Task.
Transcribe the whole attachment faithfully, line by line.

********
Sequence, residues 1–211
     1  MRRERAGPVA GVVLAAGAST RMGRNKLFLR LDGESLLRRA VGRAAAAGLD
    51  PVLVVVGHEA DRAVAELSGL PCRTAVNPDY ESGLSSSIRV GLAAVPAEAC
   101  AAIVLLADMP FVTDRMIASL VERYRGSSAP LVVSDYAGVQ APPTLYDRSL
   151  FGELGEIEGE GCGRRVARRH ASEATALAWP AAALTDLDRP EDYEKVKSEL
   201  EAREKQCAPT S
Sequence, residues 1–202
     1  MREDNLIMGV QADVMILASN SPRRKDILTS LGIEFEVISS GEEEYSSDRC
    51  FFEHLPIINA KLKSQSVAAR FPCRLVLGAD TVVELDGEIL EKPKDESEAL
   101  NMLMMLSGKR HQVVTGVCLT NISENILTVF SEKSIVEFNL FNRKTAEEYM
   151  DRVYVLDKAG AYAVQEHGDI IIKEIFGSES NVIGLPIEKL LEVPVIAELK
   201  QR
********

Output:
Sequence, residues 1–211
     1  MRRERAGPVA GVVLAAGAST RMGRNKLFLR LDGESLLRRA VGRAAAAGLD
    51  PVLVVVGHEA DRAVAELSGL PCRTAVNPDY ESGLSSSIRV GLAAVPAEAC
   101  AAIVLLADMP FVTDRMIASL VERYRGSSAP LVVSDYAGVQ APPTLYDRSL
   151  FGELGEIEGE GCGRRVARRH ASEATALAWP AAALTDLDRP EDYEKVKSEL
   201  EAREKQCAPT S
Sequence, residues 1–202
     1  MREDNLIMGV QADVMILASN SPRRKDILTS LGIEFEVISS GEEEYSSDRC
    51  FFEHLPIINA KLKSQSVAAR FPCRLVLGAD TVVELDGEIL EKPKDESEAL
   101  NMLMMLSGKR HQVVTGVCLT NISENILTVF SEKSIVEFNL FNRKTAEEYM
   151  DRVYVLDKAG AYAVQEHGDI IIKEIFGSES NVIGLPIEKL LEVPVIAELK
   201  QR